Before I call Jonathan Ashworth to ask his urgent question, I remind the House that “Erskine May” states:
“Good temper and moderation are the characteristics of parliamentary language.”
Although the context in which particular phrases are used is important, “Erskine May” also says that there are certain expressions that,
“when used in respect of other Members…are regarded with particular seriousness, generally leading to prompt intervention from the Chair and often a requirement on the Member to withdraw the words”.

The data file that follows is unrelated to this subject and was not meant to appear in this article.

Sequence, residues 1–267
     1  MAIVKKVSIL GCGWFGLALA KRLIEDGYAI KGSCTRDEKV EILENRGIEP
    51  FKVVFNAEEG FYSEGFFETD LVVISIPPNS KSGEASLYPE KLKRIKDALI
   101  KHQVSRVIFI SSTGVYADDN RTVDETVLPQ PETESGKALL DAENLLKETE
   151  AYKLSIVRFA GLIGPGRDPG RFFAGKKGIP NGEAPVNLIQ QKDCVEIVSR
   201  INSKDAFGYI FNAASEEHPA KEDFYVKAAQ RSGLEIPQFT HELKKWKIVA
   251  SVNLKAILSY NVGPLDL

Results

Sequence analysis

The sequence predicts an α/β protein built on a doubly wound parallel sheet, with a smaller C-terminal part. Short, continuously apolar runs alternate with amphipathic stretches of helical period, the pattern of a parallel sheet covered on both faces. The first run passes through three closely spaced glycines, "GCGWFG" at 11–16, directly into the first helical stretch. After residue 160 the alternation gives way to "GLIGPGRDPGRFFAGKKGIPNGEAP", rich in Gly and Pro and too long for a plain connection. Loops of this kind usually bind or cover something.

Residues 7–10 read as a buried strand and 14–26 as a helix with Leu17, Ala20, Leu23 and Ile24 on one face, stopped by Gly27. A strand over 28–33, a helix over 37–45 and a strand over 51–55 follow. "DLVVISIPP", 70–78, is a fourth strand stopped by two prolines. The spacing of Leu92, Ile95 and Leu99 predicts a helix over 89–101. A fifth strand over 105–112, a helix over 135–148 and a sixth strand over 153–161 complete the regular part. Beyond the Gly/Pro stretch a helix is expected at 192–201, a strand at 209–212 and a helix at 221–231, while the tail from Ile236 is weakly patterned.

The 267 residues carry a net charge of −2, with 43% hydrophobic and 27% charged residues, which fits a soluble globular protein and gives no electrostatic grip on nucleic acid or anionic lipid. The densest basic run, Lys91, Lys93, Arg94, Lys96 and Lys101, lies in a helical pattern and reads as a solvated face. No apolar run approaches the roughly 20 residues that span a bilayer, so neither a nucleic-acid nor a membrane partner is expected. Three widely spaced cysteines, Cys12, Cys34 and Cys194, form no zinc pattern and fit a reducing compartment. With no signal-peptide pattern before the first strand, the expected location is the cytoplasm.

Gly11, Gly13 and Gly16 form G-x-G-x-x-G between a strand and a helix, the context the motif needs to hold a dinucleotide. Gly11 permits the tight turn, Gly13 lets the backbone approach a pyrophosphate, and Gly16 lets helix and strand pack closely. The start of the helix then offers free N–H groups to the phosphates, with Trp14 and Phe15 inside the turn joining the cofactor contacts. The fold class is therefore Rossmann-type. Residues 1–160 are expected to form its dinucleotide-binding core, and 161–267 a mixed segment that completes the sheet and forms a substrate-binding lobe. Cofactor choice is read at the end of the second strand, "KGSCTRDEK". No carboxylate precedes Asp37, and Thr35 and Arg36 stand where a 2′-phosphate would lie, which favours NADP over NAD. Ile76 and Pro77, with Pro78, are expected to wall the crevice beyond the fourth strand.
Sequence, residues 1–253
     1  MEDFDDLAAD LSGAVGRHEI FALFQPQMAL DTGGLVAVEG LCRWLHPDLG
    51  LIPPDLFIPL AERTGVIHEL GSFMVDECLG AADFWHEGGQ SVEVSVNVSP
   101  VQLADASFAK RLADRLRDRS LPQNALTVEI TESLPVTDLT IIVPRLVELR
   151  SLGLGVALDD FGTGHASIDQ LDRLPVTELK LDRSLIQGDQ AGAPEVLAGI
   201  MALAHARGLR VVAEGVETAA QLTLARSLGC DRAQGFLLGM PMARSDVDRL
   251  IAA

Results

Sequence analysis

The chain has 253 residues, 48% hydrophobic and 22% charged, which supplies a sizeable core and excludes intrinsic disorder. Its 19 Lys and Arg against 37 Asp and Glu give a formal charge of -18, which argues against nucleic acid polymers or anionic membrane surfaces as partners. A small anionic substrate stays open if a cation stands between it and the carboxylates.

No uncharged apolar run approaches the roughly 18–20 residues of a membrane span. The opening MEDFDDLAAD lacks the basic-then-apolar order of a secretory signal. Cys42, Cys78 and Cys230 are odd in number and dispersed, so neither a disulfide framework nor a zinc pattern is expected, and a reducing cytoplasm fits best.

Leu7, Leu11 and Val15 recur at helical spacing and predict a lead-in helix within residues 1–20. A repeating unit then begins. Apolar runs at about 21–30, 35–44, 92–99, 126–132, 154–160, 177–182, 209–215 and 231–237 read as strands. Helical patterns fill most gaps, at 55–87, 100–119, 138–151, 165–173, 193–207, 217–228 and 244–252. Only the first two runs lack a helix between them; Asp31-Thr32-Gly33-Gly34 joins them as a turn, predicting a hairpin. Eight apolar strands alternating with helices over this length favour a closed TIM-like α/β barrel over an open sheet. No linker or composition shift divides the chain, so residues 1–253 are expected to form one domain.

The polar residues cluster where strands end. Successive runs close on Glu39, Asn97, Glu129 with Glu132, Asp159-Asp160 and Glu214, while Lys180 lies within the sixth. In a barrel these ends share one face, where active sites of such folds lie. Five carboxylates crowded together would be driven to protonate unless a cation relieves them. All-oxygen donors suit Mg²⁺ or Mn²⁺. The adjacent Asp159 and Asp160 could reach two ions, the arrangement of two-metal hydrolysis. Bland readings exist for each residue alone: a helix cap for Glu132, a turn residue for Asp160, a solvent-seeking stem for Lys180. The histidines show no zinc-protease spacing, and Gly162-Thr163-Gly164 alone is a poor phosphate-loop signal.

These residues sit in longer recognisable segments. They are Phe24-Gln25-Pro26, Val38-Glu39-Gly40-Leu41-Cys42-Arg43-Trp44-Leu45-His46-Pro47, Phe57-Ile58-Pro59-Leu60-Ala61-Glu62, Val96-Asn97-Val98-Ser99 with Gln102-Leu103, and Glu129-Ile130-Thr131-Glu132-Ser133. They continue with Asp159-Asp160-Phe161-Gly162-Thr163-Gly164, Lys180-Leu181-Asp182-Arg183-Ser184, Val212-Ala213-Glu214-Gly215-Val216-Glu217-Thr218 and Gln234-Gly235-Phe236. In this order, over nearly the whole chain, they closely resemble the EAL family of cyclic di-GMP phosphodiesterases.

One example is making a charge
“of uttering a deliberate falsehood.”
In other words, Members should not accuse other Members of lying. Depending on the context, it may well be in order to quote the views of others, but Members should not themselves state or imply that other Members are lying. There are ways that such issues can be debated in the House by means of a substantive motion, but not as part of an urgent question.